ALTON – A camp of Macedonia Baptist Church in Alton, was designed this summer to help students in fifth through eighth grade focus on others and ways to serve them. The camp theme, “Get Your Serve On,” helped the students focus on loving others and the practical ways to put others first.
“Kids at this age need to see the big picture,” Sue Hudson, camp director and member of Macedonia, said. “We wanted to lead them toward the importance of service and the opportunities for acts of service they could perform.”
Thirty-six children attended the camp for three days and two nights headquartered at the church with trips into the surrounding community for service. The campers were drawn from the church as well as other churches in the Eleven Point River Baptist Association and the community.
According to Hudson, more than thirty adults and high school students led the camp. “The members of our church are great,” she said, “they always pitch in to help. The thirty workers came at different times when they were needed.”
Hudson went on to explain that she designed a curriculum based on sharing faith and serving others. “I used the topic of ‘Gifted to Serve’ to teach morning lessons with scripture memory,” she said. “Then, our pastor, Joby Steele, tied the lesson into the evening message and built on it each day.”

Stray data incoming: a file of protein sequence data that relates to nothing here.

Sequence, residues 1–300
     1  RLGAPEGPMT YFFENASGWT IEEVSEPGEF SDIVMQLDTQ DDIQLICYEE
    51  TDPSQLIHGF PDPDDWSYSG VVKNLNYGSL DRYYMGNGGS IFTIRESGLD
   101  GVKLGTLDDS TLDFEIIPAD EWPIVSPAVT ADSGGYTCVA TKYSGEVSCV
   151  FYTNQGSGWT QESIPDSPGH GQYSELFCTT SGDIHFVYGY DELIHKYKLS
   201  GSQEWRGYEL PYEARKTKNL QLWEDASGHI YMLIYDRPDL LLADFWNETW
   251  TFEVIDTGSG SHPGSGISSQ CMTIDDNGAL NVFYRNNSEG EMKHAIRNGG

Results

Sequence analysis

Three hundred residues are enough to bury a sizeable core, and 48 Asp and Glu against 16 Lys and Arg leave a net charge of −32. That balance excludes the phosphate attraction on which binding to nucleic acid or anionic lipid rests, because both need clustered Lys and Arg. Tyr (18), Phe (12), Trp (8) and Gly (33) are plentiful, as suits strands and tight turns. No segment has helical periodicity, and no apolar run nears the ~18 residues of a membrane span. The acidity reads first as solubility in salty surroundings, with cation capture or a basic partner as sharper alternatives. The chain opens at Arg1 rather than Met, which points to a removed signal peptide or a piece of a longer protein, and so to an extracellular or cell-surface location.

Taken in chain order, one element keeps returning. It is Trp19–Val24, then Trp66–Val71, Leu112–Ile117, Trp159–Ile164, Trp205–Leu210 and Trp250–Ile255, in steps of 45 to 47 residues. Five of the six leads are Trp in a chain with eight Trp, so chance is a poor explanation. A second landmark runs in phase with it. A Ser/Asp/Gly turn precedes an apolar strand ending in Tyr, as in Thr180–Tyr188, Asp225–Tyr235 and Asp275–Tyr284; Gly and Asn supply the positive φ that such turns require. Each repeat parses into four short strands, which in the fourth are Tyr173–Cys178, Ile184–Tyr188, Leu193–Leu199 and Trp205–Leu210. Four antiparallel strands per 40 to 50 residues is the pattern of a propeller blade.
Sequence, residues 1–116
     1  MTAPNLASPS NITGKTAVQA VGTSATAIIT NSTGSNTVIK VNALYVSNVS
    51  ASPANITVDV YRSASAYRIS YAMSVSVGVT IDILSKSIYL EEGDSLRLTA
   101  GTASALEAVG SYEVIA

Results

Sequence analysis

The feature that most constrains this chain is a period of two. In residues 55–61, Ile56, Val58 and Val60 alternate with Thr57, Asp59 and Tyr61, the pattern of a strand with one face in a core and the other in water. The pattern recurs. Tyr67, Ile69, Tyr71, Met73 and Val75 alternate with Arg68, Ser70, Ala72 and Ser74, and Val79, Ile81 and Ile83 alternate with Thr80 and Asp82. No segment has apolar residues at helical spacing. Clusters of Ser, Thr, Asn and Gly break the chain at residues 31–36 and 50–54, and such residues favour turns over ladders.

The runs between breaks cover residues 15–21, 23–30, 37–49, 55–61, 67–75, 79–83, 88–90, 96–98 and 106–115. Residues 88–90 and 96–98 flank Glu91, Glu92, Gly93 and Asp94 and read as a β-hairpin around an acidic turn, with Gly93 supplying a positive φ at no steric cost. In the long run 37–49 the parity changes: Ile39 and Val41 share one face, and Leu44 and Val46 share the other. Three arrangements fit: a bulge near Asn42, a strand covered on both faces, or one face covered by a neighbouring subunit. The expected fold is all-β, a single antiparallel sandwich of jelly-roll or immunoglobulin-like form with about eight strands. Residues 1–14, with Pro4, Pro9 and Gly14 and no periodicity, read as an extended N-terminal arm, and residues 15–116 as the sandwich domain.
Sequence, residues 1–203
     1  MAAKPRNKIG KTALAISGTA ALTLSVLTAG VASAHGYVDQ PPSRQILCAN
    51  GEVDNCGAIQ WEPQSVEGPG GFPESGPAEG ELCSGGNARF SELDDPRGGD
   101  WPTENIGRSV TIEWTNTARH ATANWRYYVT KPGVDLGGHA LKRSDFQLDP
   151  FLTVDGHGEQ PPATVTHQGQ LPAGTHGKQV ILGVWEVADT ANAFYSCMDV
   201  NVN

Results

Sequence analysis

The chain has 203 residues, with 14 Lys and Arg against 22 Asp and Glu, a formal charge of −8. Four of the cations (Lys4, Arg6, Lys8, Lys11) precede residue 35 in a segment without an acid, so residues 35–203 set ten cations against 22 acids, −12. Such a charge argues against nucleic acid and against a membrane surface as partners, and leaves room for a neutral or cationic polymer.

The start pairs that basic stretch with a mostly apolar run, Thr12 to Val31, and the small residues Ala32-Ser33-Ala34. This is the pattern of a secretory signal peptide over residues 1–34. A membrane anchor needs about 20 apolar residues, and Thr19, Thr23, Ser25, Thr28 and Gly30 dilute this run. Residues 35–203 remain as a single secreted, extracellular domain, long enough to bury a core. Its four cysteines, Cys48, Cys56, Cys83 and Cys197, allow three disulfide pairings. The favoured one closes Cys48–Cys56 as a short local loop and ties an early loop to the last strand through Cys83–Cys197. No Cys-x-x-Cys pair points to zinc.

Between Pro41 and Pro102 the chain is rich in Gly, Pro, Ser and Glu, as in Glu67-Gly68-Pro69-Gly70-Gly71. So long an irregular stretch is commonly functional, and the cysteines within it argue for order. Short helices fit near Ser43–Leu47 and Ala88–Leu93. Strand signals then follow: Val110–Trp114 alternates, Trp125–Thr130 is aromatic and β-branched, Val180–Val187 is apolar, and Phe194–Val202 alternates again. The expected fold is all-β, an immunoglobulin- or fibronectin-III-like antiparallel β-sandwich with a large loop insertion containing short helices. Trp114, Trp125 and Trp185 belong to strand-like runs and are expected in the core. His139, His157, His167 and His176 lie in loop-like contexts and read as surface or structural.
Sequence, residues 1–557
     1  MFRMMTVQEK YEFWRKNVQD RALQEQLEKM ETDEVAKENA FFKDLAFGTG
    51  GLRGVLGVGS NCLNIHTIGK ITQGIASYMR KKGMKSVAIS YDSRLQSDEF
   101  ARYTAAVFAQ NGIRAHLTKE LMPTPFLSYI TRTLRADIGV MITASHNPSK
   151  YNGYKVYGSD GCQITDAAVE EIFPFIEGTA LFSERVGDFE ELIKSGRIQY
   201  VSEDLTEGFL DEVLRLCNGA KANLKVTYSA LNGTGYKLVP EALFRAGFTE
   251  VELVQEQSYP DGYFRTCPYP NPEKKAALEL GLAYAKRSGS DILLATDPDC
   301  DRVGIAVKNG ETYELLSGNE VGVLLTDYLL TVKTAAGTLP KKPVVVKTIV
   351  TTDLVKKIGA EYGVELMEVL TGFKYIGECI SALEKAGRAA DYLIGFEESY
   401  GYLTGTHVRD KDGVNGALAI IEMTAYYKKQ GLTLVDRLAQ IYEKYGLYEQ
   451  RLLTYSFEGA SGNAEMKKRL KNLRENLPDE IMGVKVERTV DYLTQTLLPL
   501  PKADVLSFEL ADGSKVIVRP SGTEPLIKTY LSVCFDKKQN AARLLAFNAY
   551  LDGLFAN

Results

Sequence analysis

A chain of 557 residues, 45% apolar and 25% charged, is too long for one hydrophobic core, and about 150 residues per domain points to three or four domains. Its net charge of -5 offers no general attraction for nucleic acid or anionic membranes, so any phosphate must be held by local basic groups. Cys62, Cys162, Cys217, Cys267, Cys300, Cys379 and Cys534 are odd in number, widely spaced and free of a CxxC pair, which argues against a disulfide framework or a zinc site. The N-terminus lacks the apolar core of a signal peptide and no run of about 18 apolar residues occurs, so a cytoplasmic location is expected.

The campers began their service with the church building and then moved out into their community with their acts of kindness. On Monday, they helped build a flower bed, a fire pit and flag pole at the church. Other projects at the church included trimming hedges, deep cleaning, and painting propane tanks. On Tuesday, campers helped pick up trash, pulled weeds from the city of Alton’s welcome sign, and visited nursing home residents in Alton and West Plains. On Wednesday, students visited local homes and did yard work for several ladies of the church.
The response to the good deeds was immediate. “When the church members saw what the campers had done they loved the improvements around our church,” Hudson said, “the veterans especially loved the flag pole. The nursing home residents thoroughly enjoyed the young people. They thanked us for bringing our children to visit and the ladies of the church appreciated all of the yard work.”
Hudson also said the pastor’s married daughter, Molly Burnett, did a wonderful job with the activities and crafts. The campers enjoyed basketball, dodge ball, making crafts, watching movies and worshiping through music. Even one of the crafts turned into a service project as they made gifts for the residents of the nursing homes.
Hudson and her crew were excited about the results of the camp. “One student became a Christian,” she said, “and many seeds were planted. All the kids loved it, they jumped in and worked hard. They showed compassion.”
Hudson believed the campers learned personal lessons. “They realized that the little things they do mean a lot,” she said. “We taught the youth that they can be on mission in their own community.”